The storage of energy material is limited so that their performance periodically collapses (fatigue) until the recovery of reserves after a shorter or longer period (recovery). In living beings, endurance thus becomes an essential parameter for maintaining performance [10, 11].


  2. 2.

    The controls are not only electric but also biochemical.


  3. 3.

    A living organism manufactures, maintains, transforms, and repairs (up to a certain point) its own components through a permanent process of genetically programmed production.


  4. 4.

    Their performances vary spontaneously throughout their life (growth/learning, fullness, aging).


  5. 5.

    Living systems can replicate.


Finally, the only invariant of living systems lies in their organization which ensures the durability of the action parameters (homeostasis) [8, 9].

Qualitative Analysis of the Vertebral System (Fig. 1)

Like all systems, the vertebral system is defined by a boundary that separates all its constituents from the environment. In the case of the vertebral system, it is the body skin that is the frame of the system.

The Entries

Solicitations from the outside environment are not information but physical interactions. They can, without transformation, directly reach the vertebral structure and trigger a passive instant mechanical response.

Another mode of entry follows the path of sensory transducers. It is these signals that trigger the activation of the system (the task at hand). To be integrated under the form of information that can be used by a living organism, these exogenous signals must be encoded [12] by transducers (sensors).

The task to be accomplished can also be generated within the system itself (endogenous signals). The order then comes directly from a nerve center. In these cases, no conversion is necessary.

Transducers (Receivers or Sensors)

These devices convert a physical or chemical interaction signal into a nerve message (creating a membrane potential variation) [12, 13]. It is an active process that consumes energy.

  • Sensorial receptors (visual, vestibular, auditory, olfactory, or cutaneous) encode information from the environment for the brain.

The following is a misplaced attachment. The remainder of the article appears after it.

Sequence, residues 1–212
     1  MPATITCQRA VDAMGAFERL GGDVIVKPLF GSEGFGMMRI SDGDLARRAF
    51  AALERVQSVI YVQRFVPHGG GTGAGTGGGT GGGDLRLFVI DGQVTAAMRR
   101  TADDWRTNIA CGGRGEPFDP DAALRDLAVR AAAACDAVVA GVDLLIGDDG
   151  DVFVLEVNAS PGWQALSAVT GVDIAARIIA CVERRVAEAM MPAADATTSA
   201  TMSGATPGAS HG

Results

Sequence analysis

• Sensitive receptors encode endogenous information. They feed the interactions and continuously monitor a host of data including position, velocity, and even some parameters of tissue metabolism. They abound in the vertebral structure (mechanoreceptors, proprioceptors, chemoreceptors). There are intramuscular sensors (neuromuscular spindles) and sensors located in periarticular fibrous structures (free ending fibers, Ruffini and Pacinian corpuscles, Golgi tendinous bodies, etc.) [14]. At least seven types of myelinated afferent nerve fibers (I, II, alpha, gamma, Ib, III, etc.) emerge.

At this stage, the information is already desynchronized because each type of nerve fiber has a different conduction velocity depending on the thickness of the myelin sheath.

Mechanoreceptors combine to construct the kinesthetic sense.

It is of course necessary to add to this flow of circulating information which come from the sensory sensors of the pain.

All transducers and afferent fibers deteriorate progressively with age, but sometimes also because of neurological pathologies (degenerative or specific peripheral neuropathies). These abnormalities often escape the medical examination. They result in a loss of information or a delay in the transmission of signals which, by themselves, can compromise the equilibrium states of the spinal system by altering its performance [12, 13].